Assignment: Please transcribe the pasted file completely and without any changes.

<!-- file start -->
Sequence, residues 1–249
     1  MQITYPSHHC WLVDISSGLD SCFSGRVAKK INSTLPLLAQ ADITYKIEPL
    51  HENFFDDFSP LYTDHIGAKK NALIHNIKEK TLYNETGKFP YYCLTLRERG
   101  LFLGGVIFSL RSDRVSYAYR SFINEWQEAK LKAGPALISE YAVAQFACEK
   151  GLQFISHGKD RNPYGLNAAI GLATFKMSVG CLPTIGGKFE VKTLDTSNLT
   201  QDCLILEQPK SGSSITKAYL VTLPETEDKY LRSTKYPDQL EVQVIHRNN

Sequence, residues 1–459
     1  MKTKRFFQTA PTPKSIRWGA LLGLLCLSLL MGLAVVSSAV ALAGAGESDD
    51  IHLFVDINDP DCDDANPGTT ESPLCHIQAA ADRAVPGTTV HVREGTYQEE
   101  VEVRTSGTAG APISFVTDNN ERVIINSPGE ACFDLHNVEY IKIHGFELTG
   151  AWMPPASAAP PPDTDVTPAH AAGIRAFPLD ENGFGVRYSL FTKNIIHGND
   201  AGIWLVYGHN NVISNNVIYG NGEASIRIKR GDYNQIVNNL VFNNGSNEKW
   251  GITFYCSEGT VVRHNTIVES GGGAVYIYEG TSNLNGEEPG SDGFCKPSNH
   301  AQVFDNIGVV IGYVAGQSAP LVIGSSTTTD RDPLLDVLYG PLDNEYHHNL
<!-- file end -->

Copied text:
Sequence, residues 1–249
     1  MQITYPSHHC WLVDISSGLD SCFSGRVAKK INSTLPLLAQ ADITYKIEPL
    51  HENFFDDFSP LYTDHIGAKK NALIHNIKEK TLYNETGKFP YYCLTLRERG
   101  LFLGGVIFSL RSDRVSYAYR SFINEWQEAK LKAGPALISE YAVAQFACEK
   151  GLQFISHGKD RNPYGLNAAI GLATFKMSVG CLPTIGGKFE VKTLDTSNLT
   201  QDCLILEQPK SGSSITKAYL VTLPETEDKY LRSTKYPDQL EVQVIHRNN

Sequence, residues 1–459
     1  MKTKRFFQTA PTPKSIRWGA LLGLLCLSLL MGLAVVSSAV ALAGAGESDD
    51  IHLFVDINDP DCDDANPGTT ESPLCHIQAA ADRAVPGTTV HVREGTYQEE
   101  VEVRTSGTAG APISFVTDNN ERVIINSPGE ACFDLHNVEY IKIHGFELTG
   151  AWMPPASAAP PPDTDVTPAH AAGIRAFPLD ENGFGVRYSL FTKNIIHGND
   201  AGIWLVYGHN NVISNNVIYG NGEASIRIKR GDYNQIVNNL VFNNGSNEKW
   251  GITFYCSEGT VVRHNTIVES GGGAVYIYEG TSNLNGEEPG SDGFCKPSNH
   301  AQVFDNIGVV IGYVAGQSAP LVIGSSTTTD RDPLLDVLYG PLDNEYHHNL